European Raids Expand to Daimler and VW in Automotive Cartel Probe

Matt Posky
by Matt Posky
european raids expand to daimler and vw in automotive cartel probe

Following an earlier raid at BMW, Daimler AG and Volkswagen Group were also searched by antitrust officials from the European Union Commission and German government this week. Despite claiming whistleblower status, Daimler is still subject to investigation — though it’s less likely to incur the same financial penalties if the collusion charges go to court.

Over the summer, investigators from the EU stated there would be an investigation into several German carmakers after allegations surfaced that companies conspired to fix prices on various automotive technologies over several decades. But it wasn’t until Monday that officials searched Daimler’s corporate offices and collected documents from Volkswagen’s headquarters in Wolfsburg and at Audi’s home base in Ingolstadt.

The EU Commission has continued to deny the release of specific details on its investigation, only saying it has “concerns that several German car manufacturers may have violated EU antitrust rules prohibiting cartels and restrictive business practices,” according to reports from Reuters. However, spokespeople from both Daimler and Volkswagen have confirmed the searches.

Potential examples of collusion include BMW, Volkswagen Group, and Mercedes-Benz purchasing the digital mapping company HERE and a joint venture to invest in thousands of charging sites across Europe to boost public acceptance of electric cars. Ford Motor Company is also a participant in the the charging network plan.

Distinguishing the difference between reasonable corporate cooperation and activities that violate antitrust laws will be the cornerstone of the European investigation. As of now, no company has been formally charged with any wrongdoing. However, if any are eventually found guilty of breaching EU guidelines, the automakers could face fines equalling 10 percent of their global revenue.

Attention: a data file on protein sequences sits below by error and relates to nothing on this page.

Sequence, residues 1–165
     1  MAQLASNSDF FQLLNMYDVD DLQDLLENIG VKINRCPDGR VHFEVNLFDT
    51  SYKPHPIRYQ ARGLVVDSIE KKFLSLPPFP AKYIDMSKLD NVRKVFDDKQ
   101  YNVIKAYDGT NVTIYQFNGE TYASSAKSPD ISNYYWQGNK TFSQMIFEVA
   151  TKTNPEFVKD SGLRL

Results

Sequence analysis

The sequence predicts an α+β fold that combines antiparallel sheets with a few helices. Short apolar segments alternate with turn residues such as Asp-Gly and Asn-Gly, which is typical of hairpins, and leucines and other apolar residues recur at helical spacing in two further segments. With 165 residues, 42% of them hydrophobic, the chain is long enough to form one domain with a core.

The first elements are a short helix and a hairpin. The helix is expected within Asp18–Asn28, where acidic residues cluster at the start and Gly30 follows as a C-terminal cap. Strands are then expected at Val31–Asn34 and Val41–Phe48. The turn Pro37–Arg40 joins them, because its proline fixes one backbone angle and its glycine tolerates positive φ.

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2 of 5 comments
  • Redmondjp Redmondjp on Oct 24, 2017

    Same story, different country. No different than the US automakers of the past, where one of the Big 3 would announce prices first, followed by the second and third a week or two staggered after that, all coincidentally within a few % of each other, but of course higher than the year before. Wink wink!

  • Jakob Boman Jakob Boman on Oct 25, 2017

    It is sad, but I fear it they have done it. I'm looking forward to follow the development of the case...

  • Cprescott I blow on a pinwheel....
  • Jkross22 Looks good in and out, but pricing is nonsensical. Anyone spending in the low to upper 40s and wanting something like this would be better off in a Stelvio and anyone wanting a small, fun SUV would be better off in a Q3, X1 or even X3. All hover around that price.Dodge is getting high off its own supply.
  • Parkave231 If I were employed at Grand River, I'd be very worried right now...
  • ScarecrowRepair I can grok everything but 20 TV monitors. What earthly purpose do they serve? If the entire skin were screens, it could change like a chameleon. But they are just square blobs scattered all over. The rear ones can send messages to tailgators. The others?At least the two fake NOS bottles are car related. If it had cattle horns up front, at least that would relate to historical car bling.Makes me wonder how many other mods are just as useless, and how well any of them are done.
  • SPPPP Over USB, since I swapped out the battery pack for something a little more modern. Those early Tyco batteries just didn't last, and my range anxiety was unbearable. I could barely get from the picnic table to the swing set.